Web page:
Cats have been a part of my daily life for 14 years now. During most of this time I have thought of them as little carnivores, little super predators. While it is true that they rely on meat for their sustenance, they love plants too. They love green stuff like fresh green blades of oats which are sometimes referred to as ‘cat grass’. Most people know that cats love catnip. Cats also respond to other herbs too such as valerian, which will excite them, and chamomile, which will generally calm them down.
For many years I was hesitant to experiment with herbs for cats because I felt that it was naïve to think that cats metabolize herbal remedies in the same way that humans do. Just look at the way catnip excites cats, while it relaxes humans. Or the monoterpenes in citrus, called limonene, and in pine, called pinene, are toxic to cats and not to humans. Other common essential oils used on humans have proved to be lethal to cats. And, years ago when I tried some of the very safest remedies such as flower essences on my cat, he seemed more annoyed than anything that I was using these calming essences on him. I gave up on the idea.
Eventually, I tried again and I looked into many different books on herbs for pets. Many of them are mostly written for dog owners. After discovering a book called Herbs for Pets: The natural way to enhance your pet’s life by Gregory L. Tilford and Mary L. Wulff, I began to experiment more with herbs for my cats.
One of the most impressive things that my cats have taught me this year is that they love herbal tea. I make up one day’s worth of nutritive herbal tea made with nettles, red clover, burdock, dandelion and a very small amount of licorice and I mix it with their wet canned food. They love the tea so much that they will lick up all of the tea before starting in on the canned bits. When they take their tea, they seem to have stronger constitutions, they seem to be in better moods. My oldest cat seems less frail and he has a better temperament. I have read about the benefits of herbal remedies for years now, but these furry little guys have taught me so much about the importance of herbal tea.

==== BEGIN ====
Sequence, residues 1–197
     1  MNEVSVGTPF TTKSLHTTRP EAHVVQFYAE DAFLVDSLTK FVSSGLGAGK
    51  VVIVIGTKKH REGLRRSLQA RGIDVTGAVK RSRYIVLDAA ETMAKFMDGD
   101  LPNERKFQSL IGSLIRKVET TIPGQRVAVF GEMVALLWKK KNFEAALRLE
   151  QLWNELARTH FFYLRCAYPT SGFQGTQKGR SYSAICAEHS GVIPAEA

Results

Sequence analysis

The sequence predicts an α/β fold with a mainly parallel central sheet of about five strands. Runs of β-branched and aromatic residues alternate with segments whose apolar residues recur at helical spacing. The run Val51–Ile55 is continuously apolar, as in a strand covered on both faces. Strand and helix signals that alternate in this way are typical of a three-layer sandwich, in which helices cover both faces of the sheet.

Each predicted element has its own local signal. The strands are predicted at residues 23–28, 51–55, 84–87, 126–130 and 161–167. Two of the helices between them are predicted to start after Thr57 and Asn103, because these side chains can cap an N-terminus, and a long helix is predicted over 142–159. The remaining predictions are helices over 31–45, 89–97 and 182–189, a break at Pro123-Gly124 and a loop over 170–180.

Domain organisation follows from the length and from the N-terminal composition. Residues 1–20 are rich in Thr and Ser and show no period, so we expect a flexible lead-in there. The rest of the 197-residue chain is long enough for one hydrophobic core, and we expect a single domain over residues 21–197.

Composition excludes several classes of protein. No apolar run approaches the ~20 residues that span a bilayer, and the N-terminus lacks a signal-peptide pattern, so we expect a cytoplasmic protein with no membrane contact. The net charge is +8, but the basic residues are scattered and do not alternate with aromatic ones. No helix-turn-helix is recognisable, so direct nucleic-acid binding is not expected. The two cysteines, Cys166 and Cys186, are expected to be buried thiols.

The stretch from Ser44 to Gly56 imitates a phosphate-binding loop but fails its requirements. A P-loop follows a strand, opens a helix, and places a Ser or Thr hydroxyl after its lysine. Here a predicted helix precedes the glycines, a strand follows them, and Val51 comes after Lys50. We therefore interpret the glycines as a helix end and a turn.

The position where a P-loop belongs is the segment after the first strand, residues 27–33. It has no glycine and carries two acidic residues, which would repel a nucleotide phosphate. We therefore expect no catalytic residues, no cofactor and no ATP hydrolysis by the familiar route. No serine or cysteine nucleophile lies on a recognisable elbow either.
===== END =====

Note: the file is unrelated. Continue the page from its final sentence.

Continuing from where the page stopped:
If you want to experiment with herbs for cats, be sure to pick up at least 3 good books on the subject and talk to someone who knows more about this than you do. My local library has dozens of books on this topic. Take notes and pursue inconsistencies in the information in these books. It is best to trust people who have practiced for a long period of time. Be aware that there are many popular books written by people who write well and have collected all of their information from other books. These books are generally not the best place to collect information because they are not necessarily backed by practice.
Finally, if you are making something for your cat, even if it is a nutritive tea, remember that they only require a very small dose. A typical dose for humans is made for someone who is 150 pounds. A cat is usually less than a tenth that size. My cats are getting 1-2 tablespoons a day of tea and this seems to be enough.
Tammy Schmidt, Montreal